• Selected bands are separated into bands by agarose gel electrophoresis, resulting in a banding pattern unique to that individual.
  • The fragments are visualized by performing a Southern Blot analysis resulting in an X-ray photograph of the DNA fingerprint.
  • The DNA fingerprint is compared to similarly prepared evidence and a determination is made.
Currently forensic scientists are limited by the quantity of DNA available and the degree of degradation of the sample. A more recent technique being adapted for forensic testing is known as the Polymerase Chain Reaction (PCR). This technology can be used to amplify (make numerous exact duplicates of) as little as a single molecule of DNA. The amplified sample may then be digested by restriction enzymes, electrophoresed, stained, and analyzed. PCR technology will make any detectable DNA sample, no matter how small, available to the forensic investigator.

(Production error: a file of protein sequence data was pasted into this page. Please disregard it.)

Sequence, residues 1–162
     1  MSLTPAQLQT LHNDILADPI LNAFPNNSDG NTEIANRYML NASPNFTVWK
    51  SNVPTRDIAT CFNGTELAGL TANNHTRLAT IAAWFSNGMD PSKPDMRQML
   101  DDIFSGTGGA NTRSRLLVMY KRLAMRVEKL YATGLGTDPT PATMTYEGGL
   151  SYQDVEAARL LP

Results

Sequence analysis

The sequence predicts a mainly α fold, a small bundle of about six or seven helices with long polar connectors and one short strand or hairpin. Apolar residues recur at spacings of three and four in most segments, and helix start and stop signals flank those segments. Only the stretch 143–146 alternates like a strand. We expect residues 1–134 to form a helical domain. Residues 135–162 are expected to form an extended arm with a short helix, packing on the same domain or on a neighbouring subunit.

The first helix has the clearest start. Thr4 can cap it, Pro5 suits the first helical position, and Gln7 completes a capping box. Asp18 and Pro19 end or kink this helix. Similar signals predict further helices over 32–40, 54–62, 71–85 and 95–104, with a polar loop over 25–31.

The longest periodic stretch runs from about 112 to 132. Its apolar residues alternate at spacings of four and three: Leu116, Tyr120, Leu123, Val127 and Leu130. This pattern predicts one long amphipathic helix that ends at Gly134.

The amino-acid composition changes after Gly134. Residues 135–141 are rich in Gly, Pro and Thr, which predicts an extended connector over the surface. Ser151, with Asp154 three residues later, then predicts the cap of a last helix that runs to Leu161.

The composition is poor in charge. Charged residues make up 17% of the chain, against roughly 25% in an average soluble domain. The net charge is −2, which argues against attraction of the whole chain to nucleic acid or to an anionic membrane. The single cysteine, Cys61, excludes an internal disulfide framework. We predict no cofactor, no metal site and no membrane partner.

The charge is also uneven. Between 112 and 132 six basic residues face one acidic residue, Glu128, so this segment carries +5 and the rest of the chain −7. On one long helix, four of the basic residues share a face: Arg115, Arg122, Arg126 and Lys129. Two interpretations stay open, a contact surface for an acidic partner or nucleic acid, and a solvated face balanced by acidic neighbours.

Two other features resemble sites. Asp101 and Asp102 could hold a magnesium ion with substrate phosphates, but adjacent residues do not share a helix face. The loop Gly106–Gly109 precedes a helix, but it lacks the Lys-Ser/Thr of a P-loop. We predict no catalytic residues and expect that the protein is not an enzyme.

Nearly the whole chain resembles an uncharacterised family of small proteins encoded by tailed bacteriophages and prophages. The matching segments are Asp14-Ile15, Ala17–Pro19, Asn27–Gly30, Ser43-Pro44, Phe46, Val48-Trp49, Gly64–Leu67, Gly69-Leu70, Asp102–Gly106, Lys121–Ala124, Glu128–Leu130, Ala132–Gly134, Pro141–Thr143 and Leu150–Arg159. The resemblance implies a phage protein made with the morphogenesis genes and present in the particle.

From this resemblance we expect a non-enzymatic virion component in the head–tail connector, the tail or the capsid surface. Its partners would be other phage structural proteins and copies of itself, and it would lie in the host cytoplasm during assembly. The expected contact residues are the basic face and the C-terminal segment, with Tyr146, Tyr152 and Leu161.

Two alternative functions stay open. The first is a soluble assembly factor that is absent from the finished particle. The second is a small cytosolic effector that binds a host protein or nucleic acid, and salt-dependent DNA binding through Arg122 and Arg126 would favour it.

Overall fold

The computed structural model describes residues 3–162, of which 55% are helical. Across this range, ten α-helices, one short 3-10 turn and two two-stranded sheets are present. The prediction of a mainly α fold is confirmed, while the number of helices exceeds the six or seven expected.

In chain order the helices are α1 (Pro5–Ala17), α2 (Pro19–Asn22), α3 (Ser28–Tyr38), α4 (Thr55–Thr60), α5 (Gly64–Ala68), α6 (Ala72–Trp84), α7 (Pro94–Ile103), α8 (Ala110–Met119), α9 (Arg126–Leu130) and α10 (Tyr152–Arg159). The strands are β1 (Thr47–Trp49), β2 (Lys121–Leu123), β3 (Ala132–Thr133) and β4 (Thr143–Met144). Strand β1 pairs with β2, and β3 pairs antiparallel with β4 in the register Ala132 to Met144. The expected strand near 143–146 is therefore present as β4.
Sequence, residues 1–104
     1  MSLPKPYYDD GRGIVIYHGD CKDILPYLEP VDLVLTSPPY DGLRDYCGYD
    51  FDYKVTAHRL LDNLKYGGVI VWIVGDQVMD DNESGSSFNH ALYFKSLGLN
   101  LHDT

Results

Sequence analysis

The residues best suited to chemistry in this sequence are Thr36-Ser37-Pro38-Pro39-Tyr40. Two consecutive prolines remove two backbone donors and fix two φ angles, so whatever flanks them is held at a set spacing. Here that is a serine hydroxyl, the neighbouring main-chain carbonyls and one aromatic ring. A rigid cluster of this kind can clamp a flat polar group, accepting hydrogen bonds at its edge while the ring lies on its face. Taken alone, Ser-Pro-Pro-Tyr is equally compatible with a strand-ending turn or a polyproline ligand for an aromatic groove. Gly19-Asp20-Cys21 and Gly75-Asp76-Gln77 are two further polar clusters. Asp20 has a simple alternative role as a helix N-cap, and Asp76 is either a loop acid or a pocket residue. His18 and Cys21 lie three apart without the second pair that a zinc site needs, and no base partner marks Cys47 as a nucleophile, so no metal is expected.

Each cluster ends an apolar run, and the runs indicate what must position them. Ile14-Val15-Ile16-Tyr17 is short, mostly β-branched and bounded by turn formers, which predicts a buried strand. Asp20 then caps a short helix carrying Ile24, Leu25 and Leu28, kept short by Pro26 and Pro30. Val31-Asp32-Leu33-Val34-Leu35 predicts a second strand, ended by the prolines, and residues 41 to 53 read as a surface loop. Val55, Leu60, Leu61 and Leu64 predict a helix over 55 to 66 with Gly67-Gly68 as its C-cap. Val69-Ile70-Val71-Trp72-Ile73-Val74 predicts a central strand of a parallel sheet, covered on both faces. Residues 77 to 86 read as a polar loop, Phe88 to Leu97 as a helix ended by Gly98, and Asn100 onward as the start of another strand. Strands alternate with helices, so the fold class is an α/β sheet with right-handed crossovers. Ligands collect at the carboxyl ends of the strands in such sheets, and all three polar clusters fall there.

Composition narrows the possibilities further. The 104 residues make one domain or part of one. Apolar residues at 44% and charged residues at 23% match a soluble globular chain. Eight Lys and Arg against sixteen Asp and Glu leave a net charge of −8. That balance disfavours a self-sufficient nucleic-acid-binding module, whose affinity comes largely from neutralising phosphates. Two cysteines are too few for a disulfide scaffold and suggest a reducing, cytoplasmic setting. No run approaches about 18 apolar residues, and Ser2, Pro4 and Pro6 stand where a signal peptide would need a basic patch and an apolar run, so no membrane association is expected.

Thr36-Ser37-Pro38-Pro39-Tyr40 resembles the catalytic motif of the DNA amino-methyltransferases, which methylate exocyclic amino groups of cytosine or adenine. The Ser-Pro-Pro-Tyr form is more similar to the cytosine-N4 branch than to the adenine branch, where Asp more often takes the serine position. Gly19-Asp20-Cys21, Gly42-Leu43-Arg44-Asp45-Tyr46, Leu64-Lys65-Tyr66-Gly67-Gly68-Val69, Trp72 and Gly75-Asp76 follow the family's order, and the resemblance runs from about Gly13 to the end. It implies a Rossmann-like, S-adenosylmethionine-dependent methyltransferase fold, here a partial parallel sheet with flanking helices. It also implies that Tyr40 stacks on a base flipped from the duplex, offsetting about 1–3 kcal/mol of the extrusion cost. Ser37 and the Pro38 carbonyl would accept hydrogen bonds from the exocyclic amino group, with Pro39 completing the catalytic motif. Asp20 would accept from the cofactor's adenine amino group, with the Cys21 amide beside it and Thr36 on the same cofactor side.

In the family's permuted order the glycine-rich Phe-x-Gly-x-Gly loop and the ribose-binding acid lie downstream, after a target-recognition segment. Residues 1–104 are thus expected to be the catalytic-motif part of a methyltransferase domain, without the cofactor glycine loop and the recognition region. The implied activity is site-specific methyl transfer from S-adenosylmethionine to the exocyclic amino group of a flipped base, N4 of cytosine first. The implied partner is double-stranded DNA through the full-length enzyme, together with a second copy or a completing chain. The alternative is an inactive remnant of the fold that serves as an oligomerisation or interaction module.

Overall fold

In forensic testing, DNA samples from the victim, suspect, and the evidence from the crime scene are DNA fingerprinted and compared. Matches between the banding patterns provide evidence that can be used in a court of law. See the diagram of fingerprints below. Victim bands are included to demonstrate that the evidence must indeed have come from the suspect. An overhead transparency is provided so students can see and learn how to match the banding patterns.


Banding Patterns Overhead Transparency*
DNA Case Study #1, 15*
DNA Case Study #2, 15*
Suspect DNA Analysis Cards, 15*
Evidence DNA Analysis Cards (B, C, D), 15*
Evidence DNA Analysis Cards (A, E, F, G), 15*